As a member of Heartland Power Cooperative, you have certain advantages. The biggest advantage is the right to vote. Each member, as an owner of their electric cooperative, has one and only one vote by which bylaws are made and directors are seated. Members elect a board of directors from the membership at the cooperative annual meeting. The eight seated directors serve as trustees of the cooperative. The board sets the policy in regard to electric rates, expenditures and the operation of the cooperative.
The board of directors hires a general manager, who in turn hires other employees to run the day-to-day operation of the business. Because the directors are members of the cooperative themselves, they live with the rates and policy that they set. These decisions are made in the best interest of the cooperative.
Cooperative employees also play another important role other than that of their daily jobs at the cooperative - they are also local leaders. We call this unique characteristic that has been part of the cooperative history from day one - "the power of human connection." Because this important trait separates us from other utilities, we recently termed this member connection Touchstone - meaning important to the touch. So don't be surprised that the local fire chief, scout leader, booster club president, church director, development member, or city council member, etc., is also an employee of Heartland Power Cooperative.
Cooperatives operate under laws, regulations, and rules as other businesses do and they are incorporated as other businesses are. Cooperatives are different in the aspect that any profits or margins are returned to the customers who also own the business.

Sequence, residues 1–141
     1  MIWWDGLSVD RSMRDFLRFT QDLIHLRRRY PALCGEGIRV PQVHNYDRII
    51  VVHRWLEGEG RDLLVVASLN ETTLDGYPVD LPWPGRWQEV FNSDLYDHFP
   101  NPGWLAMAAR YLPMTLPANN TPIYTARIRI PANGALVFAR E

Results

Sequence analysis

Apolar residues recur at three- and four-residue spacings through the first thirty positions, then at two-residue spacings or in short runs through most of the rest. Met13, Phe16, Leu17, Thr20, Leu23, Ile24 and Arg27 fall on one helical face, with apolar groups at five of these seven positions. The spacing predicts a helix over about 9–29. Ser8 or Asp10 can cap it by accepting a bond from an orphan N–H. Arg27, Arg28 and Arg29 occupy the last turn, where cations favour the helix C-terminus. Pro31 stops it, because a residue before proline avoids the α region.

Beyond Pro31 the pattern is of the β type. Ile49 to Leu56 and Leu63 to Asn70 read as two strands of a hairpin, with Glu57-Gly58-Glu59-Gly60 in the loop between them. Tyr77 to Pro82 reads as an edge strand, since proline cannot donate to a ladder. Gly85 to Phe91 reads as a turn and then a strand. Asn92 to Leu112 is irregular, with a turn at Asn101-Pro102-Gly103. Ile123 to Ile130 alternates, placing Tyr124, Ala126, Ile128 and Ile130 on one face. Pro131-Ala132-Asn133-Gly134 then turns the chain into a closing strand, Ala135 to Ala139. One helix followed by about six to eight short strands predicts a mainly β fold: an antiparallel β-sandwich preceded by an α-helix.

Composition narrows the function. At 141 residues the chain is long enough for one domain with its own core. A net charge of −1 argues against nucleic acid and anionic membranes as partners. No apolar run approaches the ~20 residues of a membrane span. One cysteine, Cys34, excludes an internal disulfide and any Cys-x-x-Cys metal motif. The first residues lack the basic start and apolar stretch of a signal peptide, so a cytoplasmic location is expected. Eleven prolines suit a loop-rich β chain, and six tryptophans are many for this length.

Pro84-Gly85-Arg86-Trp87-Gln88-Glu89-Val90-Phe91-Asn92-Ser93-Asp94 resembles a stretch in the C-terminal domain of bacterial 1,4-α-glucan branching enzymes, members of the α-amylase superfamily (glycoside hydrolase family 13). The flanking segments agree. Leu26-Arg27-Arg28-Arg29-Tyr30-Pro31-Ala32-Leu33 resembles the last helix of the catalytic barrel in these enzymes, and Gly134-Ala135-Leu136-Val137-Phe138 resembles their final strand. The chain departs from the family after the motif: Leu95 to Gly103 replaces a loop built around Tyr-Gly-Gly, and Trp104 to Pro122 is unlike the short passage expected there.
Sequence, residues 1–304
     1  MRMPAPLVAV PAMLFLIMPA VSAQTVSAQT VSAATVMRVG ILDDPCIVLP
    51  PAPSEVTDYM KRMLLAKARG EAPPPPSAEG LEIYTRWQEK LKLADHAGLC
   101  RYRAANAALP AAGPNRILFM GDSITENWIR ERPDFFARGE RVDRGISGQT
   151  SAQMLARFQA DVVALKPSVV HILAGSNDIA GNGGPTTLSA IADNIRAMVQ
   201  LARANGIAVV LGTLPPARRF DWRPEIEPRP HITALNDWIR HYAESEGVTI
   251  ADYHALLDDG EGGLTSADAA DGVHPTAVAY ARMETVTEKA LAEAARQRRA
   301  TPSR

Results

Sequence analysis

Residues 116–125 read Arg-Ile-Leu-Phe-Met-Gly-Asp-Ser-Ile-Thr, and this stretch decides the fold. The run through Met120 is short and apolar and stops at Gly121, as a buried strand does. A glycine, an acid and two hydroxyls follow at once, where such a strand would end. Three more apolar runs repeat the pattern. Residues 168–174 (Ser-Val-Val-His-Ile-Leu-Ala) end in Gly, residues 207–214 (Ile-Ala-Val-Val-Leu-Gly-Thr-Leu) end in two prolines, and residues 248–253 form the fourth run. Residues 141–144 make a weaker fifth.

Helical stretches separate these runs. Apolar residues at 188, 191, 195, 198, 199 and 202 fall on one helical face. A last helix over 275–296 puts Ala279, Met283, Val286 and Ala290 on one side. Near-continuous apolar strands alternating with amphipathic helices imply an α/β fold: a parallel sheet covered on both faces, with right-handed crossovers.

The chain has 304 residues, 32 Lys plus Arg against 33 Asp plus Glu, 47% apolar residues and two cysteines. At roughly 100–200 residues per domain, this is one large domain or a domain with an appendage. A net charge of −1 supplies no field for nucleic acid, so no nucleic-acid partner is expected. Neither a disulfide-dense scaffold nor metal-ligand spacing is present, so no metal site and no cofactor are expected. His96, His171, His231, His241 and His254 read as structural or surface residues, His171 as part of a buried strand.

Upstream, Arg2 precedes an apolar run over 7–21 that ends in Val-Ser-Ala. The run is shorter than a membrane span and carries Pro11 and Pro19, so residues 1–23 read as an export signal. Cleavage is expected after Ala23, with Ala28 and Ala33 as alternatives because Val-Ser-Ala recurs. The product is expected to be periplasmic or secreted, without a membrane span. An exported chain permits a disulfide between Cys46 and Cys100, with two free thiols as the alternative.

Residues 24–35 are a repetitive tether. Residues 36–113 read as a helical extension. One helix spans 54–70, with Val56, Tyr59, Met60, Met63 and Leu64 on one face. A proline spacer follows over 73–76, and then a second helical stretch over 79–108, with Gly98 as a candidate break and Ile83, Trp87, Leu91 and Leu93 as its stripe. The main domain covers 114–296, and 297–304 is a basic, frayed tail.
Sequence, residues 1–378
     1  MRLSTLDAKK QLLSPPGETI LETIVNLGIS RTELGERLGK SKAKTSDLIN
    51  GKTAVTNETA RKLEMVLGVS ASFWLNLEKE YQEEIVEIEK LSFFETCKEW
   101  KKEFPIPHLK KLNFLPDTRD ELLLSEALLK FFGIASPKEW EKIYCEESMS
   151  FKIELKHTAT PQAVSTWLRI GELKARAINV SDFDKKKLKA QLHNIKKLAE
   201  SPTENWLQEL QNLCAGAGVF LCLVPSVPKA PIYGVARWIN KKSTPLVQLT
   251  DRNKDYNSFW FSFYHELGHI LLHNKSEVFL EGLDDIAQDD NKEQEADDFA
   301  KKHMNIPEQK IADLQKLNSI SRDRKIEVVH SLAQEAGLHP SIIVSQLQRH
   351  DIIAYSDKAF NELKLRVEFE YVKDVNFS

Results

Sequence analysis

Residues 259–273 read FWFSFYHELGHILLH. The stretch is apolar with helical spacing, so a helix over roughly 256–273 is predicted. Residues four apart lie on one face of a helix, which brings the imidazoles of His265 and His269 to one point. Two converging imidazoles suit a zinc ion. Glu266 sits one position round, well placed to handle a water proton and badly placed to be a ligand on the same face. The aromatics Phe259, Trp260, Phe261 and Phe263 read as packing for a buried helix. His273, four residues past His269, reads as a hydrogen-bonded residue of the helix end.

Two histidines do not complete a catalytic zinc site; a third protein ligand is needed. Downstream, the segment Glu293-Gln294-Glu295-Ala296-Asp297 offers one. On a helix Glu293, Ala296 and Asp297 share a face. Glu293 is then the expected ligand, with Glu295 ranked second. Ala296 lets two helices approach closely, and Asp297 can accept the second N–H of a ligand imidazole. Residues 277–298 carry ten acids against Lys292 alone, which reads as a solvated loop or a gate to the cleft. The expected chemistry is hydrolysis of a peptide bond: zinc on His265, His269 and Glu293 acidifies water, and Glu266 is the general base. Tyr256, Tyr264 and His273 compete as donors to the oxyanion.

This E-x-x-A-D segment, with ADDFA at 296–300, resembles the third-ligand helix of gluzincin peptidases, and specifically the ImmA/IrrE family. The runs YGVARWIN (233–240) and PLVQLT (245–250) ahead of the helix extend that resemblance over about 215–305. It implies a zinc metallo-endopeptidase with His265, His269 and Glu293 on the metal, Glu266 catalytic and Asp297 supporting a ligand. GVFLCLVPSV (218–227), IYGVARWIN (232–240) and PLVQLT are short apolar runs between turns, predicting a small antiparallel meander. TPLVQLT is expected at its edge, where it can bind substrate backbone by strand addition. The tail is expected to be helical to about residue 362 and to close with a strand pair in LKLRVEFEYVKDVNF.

Heartland Power Cooperative is operated as a non-profit company. This means that all money left over after the cost of providing electric service is returned to the members in the form of capital credits. The capital credit program invests the margin in facilities to provide continued electric service until they are refunded to you, the members, as financial conditions permit.
All of the cooperative's allocations or margins are based on the member's purchases or electric sales from the cooperative on an annual basis.
With the membership receiving electricity at the cost of service, receiving equal ownership, and having direct input into the decision making process of the company - cooperatives are the most democratic form of free enterprise in the country.